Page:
Call for Comprehensive Immigration Reform
When a foreigner resides among you in your land, do not mistreat them. The foreigner residing among you must be treated as your native-born. Love them as yourself, for you were foreigners in Egypt. I am the Lord your God. — Leviticus 19:33-34, NIV
As followers of Christ we are called to love the stranger in our midst because we were once strangers in a foreign land. The stranger in the midst at one time or another has been your own family member.
In 1996 the Illegal Immigration Reform and Immigrant Responsibility Act (IIRAIRA) went into effect. This immigration law severely restricted the opportunities of immigrants in the United States to reunite with their families, to obtain permission to work legally, and to avoid being exploited by unscrupulous employers and employment practices. It restricted the opportunities for the elderly to obtain needed social services and for children to obtain an education at a reasonable cost. The IIRAIRA also strengthened border security with the idea of reducing the numbers of people who enter this country every year without permission in search of opportunities to earn wages with which they can support their families back home. The law has not worked. The current immigration system is broken
Approximately 850,000 immigrants enter the United States without permission every year. America benefits and prospers as a result of their labor; yet denies many of them basic rights like fair wages, health benefits, the opportunity to be with their families, and social services.
We are living in a time of persecution and oppression due to ignorance and fear. There is frustration on all sides about the state of our immigration laws. We must work to channel that frustration into advocacy for the passage of a comprehensive immigration reform bill.
Fear, ignorance, and debate over immigration has generated dangerous racial dynamics that have led to racial profiling and intolerance toward Latino/Hispanic Cultures, an increase in the English-only language movements, and racism. The United Methodist Church has historically stood against racism, cultural prejudice, and other forms of intolerance. On the contrary, we as a church have affirmed and celebrated God's diverse human creation.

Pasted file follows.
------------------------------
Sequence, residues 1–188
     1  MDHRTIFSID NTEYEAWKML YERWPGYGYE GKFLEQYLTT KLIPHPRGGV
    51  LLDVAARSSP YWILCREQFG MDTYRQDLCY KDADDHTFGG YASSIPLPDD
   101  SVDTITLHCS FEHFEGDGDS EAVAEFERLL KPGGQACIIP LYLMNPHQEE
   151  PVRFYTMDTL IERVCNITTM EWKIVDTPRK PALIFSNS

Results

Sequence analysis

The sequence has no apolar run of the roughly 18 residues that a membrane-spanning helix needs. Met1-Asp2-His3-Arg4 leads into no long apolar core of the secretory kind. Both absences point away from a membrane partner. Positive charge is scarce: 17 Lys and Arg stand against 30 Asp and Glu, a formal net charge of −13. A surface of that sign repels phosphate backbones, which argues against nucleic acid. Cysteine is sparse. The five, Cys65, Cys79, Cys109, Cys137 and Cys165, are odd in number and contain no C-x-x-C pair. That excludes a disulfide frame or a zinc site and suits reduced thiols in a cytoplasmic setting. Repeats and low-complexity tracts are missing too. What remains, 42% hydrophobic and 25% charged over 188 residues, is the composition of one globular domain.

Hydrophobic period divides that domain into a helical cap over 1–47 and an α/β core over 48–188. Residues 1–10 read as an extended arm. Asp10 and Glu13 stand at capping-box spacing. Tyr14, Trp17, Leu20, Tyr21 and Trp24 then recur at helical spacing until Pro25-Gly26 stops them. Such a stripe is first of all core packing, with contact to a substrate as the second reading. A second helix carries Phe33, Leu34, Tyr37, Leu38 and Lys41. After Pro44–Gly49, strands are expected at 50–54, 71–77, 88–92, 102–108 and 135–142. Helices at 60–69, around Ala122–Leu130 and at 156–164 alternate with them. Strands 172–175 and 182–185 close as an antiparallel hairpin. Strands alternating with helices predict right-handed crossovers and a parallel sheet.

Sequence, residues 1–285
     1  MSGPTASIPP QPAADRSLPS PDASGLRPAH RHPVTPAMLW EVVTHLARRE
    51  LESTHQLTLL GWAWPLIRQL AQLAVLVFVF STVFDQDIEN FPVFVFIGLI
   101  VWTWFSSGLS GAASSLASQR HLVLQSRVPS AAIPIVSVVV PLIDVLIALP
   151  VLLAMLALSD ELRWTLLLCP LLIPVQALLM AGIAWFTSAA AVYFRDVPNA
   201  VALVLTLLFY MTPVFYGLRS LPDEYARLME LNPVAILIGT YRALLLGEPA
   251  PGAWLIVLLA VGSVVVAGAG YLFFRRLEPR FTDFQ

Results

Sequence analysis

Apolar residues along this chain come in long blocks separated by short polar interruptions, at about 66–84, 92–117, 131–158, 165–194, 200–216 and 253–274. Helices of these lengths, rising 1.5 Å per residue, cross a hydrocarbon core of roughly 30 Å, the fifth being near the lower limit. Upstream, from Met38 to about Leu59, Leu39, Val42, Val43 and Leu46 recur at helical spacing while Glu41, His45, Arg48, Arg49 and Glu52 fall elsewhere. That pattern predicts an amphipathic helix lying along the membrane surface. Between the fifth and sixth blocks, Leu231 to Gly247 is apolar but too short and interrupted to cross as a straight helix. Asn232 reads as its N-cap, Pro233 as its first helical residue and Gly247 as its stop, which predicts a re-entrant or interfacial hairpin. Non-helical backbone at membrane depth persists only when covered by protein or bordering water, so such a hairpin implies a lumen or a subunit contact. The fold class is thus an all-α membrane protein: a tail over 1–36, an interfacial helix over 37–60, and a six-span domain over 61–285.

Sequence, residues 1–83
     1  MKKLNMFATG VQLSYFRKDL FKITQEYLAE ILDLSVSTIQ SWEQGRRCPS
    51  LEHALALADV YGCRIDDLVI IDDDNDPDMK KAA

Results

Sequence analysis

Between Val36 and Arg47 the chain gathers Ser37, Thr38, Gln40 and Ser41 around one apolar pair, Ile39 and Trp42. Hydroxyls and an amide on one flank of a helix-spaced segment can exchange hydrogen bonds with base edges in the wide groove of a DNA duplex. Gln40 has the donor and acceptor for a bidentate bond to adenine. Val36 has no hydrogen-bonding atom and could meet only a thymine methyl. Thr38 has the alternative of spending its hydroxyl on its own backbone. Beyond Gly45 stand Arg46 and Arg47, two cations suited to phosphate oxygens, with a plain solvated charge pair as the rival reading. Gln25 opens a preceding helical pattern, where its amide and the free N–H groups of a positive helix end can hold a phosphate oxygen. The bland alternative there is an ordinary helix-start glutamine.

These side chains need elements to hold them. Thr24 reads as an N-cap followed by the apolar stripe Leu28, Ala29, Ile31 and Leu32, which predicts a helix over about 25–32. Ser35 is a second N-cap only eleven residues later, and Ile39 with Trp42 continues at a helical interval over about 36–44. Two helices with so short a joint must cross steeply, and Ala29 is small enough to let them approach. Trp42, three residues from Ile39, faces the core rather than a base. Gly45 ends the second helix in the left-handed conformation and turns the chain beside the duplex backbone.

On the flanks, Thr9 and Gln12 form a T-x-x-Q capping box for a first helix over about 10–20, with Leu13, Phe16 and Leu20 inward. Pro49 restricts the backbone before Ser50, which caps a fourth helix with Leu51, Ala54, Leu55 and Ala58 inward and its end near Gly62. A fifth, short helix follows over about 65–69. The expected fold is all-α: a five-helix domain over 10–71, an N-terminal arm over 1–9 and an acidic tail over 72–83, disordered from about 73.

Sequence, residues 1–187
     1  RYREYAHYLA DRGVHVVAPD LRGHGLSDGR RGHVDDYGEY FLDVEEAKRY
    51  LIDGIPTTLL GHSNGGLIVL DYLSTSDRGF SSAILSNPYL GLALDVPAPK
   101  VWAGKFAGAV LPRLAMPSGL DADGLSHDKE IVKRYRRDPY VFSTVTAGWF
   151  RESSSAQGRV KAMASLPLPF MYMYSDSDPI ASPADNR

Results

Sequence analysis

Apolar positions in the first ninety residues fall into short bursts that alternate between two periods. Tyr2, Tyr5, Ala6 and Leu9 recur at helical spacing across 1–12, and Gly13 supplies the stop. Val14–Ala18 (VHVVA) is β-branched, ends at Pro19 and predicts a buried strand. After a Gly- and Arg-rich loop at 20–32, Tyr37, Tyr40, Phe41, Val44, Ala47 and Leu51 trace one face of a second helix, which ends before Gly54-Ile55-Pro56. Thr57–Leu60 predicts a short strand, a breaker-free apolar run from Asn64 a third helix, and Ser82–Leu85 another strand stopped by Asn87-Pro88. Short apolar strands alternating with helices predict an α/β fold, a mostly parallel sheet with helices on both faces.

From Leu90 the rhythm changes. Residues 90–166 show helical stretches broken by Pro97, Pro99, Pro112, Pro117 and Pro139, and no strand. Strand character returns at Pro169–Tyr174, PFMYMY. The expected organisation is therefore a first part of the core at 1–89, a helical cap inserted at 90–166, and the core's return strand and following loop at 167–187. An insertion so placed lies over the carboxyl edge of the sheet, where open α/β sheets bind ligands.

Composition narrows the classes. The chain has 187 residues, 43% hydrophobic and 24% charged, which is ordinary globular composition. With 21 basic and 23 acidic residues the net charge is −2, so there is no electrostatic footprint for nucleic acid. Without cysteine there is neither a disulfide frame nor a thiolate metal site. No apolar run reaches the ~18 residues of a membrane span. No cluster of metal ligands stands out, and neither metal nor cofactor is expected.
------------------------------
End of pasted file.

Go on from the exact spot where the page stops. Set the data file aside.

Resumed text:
As Christians and United Methodists we are called to love the stranger in our midst and to treat that stranger as we would our own family. We must be a church that welcomes the foreigners into our cities, our towns, our neighborhoods, our churches, our homes. We must keep ourselves open to the opportunity and blessing of entertaining angels unawares. If we are to truly live out our mandate of having open hearts, open minds, open doors, we must work to ensure the just treatment of the foreigners living among us.
Therefore, be it resolved, that the 2008 General Conference of The United Methodist Church assert that immigrants are children of God made in God's image, affirm the labor and struggle of the undocumented worker, and assert that immigrant children deserve to be educated and provided with basic social services.
Be it further resolved, that The United Methodist Church stand against all forms of oppression and prejudices, and will work through its general agencies, especially the General Commission on Religion and Race and the General Board of Church and Society, to resist racism, intolerance, and prejudice in the context of the immigration debate.
Be it further resolved, that the General Conference urge all the local congregations to oppose unjust local and state ordinances that seek to deprive undocumented persons of basic social services including the access to adequate housing and protection under the law.
Be it further resolved, that the 2008 General Conference join with M.A.R.C.H.A. (Methodists Associated to Represent the Cause of Hispanic/Latino Americans) and urge the United States Congress to pass comprehensive immigration reform that makes family unity, students being able to get an education at an affordable rate, fair and just treatment of laborers, and a reasonable path towards citizenship a priority.
Be it further resolved, that the Council of Bishops be asked to be sensitive to the immigration situation as it is important not only to demand this of the United States Government, but that they also improve policies inside the church that reflect this sensitivity on immigration.
Be it further resolved, that the 2008 General Conference send a copy of this resolution and a letter to the President of the United States and the United States Congress urging them to work towards the passage of a fair and just comprehensive immigration bill.
Finally, be it resolved, that the 2008 General Conference of The United Methodist Church request the Council of Bishops to urgently establish a Plan of Action of Advocacy and Welcoming the Sojourner to enable their annual conferences to immediately respond to the needs and challenges of the Hispanic/Latino immigrant population, and all immigrant populations in the community, by creating opportunities of service and equipping local churches to effectively respond in their ministry.
RESOLUTION # 5081, 2008 BOOK OF RESOLUTIONS
See Social Principles, ¶ 164B.
From The Book of Resolutions of The United Methodist Church — 2012. Copyright © 2012 by The United Methodist Publishing House. Used by permission.